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Henry Wadsworth Longfellow, ed. Poems of Places: An Anthology in 31 Volumes.
Scotland: Vols. VI–VIII. 1876–79.


The Auld House

By Carolina Oliphant, Lady Nairne (1766–1845)

O, THE AULD house, the auld house!

What though the rooms were wee?

O, kind hearts were dwelling there,

And bairnies fu’ o’ glee!

The wild-rose and the jessamine

Still hang upon the wa’;

How mony cherished memories

Do they, sweet flowers, reca’!

O, the auld laird, the auld laird!

Sae canty, kind, and crouse;

How mony did he welcome to

His ain wee dear auld house!

And the leddy too, sae genty,

There sheltered Scotland’s heir,

And clipt a lock wi’ her ain hand

Frae his lang yellow hair.

The mavis still doth sweetly sing,

The bluebells sweetly blaw,

The bonnie Earn ’s clear winding still,

But the auld house is awa’.

The auld house, the auld house,

Deserted though ye be,

There ne’er can be a new house

Will seem sae fair to me.

Still flourishing the auld pear-tree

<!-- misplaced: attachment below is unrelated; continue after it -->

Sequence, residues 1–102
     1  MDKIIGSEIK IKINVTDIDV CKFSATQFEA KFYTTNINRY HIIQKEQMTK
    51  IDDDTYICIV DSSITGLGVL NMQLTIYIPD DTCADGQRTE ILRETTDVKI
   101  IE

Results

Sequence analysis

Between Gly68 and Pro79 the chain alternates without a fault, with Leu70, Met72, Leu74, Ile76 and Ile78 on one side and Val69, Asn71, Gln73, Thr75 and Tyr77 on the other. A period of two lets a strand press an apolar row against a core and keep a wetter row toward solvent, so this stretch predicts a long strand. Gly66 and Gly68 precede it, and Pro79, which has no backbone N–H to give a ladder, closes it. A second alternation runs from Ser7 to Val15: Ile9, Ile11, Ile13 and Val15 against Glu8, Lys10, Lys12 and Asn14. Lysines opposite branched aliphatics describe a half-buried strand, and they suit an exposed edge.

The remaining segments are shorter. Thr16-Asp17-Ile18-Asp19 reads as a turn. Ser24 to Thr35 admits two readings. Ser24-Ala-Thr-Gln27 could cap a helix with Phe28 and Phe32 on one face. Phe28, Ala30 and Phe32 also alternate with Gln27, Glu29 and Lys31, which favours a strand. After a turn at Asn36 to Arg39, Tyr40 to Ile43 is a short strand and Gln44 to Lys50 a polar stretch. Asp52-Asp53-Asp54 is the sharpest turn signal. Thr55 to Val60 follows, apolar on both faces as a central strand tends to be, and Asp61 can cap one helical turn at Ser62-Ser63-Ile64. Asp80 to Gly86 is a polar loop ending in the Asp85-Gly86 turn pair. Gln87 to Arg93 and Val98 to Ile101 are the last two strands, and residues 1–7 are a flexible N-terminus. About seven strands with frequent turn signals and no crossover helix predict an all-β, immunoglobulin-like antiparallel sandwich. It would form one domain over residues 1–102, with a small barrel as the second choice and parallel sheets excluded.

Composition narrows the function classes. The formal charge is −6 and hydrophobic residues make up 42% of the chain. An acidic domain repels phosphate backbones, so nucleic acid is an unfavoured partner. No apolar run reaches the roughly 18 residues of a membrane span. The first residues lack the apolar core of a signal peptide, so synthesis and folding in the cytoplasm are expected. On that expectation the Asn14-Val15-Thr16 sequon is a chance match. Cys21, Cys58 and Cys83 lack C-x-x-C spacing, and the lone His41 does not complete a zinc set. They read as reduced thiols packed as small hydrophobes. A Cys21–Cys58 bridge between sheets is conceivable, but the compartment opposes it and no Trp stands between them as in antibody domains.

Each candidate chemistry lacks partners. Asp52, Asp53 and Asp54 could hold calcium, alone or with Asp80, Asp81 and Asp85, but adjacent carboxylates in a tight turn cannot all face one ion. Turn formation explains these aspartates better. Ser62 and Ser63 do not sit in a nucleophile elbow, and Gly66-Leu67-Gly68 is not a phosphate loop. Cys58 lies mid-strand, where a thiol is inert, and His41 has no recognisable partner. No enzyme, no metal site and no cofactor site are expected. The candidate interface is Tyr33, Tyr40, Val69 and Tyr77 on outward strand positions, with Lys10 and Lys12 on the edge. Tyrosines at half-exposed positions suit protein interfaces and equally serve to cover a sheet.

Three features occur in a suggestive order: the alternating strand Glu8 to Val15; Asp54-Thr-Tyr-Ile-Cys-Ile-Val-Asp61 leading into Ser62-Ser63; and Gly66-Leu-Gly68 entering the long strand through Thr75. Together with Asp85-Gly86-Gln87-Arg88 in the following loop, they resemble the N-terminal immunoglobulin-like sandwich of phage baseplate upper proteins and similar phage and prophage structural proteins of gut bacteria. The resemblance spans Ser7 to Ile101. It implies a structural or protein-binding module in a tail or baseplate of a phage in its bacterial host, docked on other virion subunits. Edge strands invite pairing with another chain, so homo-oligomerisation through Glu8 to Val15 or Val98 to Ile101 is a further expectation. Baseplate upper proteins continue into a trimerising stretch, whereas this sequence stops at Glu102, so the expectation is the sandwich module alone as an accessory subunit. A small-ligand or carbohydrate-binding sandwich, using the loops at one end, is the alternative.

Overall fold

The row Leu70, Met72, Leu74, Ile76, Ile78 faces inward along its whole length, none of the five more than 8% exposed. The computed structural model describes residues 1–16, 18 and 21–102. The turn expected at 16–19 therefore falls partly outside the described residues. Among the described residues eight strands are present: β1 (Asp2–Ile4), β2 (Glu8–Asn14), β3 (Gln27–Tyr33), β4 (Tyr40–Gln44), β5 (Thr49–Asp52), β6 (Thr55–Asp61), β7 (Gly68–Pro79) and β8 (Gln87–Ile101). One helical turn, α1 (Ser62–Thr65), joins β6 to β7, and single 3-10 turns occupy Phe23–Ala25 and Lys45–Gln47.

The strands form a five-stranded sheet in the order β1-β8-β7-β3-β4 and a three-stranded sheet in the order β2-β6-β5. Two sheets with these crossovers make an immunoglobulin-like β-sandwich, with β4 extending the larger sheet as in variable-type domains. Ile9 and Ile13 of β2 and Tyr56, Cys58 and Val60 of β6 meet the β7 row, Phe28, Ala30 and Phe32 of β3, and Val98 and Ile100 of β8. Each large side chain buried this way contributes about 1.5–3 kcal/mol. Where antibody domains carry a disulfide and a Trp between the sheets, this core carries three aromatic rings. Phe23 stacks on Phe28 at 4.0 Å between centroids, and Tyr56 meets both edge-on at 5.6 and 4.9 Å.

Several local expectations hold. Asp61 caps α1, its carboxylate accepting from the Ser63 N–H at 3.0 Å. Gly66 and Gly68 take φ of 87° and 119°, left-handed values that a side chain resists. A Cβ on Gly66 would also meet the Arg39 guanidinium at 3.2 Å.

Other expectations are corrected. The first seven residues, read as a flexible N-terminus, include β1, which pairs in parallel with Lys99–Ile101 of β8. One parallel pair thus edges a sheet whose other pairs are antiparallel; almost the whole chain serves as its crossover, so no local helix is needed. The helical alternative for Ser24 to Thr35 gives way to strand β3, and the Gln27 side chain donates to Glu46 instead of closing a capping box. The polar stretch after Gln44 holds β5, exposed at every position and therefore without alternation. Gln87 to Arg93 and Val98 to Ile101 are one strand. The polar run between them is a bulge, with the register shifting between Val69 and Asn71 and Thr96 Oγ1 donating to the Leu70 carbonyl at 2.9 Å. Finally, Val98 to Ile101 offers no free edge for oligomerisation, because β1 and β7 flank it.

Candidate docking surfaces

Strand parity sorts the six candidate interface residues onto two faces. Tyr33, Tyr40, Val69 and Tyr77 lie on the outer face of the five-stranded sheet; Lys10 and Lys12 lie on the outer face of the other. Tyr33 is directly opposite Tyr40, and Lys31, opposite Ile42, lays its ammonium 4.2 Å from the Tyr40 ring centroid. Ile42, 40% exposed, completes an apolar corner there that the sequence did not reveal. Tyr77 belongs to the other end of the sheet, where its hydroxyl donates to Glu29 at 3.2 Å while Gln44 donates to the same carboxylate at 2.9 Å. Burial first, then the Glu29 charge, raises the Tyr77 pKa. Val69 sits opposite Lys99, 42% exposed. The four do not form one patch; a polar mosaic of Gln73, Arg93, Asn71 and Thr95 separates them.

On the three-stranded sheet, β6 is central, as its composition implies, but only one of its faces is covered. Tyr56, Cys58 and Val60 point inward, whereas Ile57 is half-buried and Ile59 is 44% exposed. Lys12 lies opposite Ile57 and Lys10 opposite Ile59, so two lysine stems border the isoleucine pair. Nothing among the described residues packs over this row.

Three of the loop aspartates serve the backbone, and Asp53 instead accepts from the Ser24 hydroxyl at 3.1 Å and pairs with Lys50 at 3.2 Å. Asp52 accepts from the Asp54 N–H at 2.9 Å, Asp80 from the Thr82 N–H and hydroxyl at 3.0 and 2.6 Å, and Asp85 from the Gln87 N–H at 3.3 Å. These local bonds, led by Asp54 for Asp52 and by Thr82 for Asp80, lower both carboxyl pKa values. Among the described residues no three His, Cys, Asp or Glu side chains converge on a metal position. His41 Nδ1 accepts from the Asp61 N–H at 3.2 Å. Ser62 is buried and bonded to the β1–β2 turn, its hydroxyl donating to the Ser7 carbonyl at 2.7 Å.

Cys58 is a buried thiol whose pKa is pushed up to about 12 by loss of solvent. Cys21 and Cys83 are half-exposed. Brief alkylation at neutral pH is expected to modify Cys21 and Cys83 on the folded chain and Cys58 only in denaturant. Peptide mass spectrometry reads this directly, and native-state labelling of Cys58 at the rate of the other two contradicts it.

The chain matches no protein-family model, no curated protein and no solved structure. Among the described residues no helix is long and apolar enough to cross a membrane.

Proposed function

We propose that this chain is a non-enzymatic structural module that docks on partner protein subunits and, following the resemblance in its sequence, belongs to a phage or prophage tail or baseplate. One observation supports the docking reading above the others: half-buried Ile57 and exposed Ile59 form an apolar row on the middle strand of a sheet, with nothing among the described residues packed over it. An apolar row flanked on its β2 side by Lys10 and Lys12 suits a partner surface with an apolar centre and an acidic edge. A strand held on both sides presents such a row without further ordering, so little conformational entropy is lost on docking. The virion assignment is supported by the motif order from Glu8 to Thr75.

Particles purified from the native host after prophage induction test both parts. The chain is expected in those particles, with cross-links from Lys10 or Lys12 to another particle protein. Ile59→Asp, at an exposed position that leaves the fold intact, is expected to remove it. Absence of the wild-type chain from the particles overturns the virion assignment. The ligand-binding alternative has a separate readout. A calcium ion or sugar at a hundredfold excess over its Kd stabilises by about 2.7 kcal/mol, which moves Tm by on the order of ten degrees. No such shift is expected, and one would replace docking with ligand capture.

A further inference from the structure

The bairnies liked to see,

And O, how often did they speir

When ripe they a’ wad be!

The voices sweet, the wee bit feet

Aye rinnin’ here and there,

The merry shout,—O, whiles we greet

To think we ’ll hear nae mair.

For they are a’ wide, scattered now,

Some to the Indies gane,

And ane, alas! to her lang hame;

Not here we ’ll meet again.

The kirkyaird, the kirkyaird,

Wi’ flowers o’ every hue,

Sheltered by the holly’s shade,

An’ the dark sombre yew.

The setting sun, the setting sun,

How glorious it gaed down;

The cloudy splendor raised our hearts

To cloudless skies aboon!

The auld dial, the auld dial,

It tauld how time did pass;

The wintry winds ha’e dung it down,—

Now hid ’mang weeds and grass.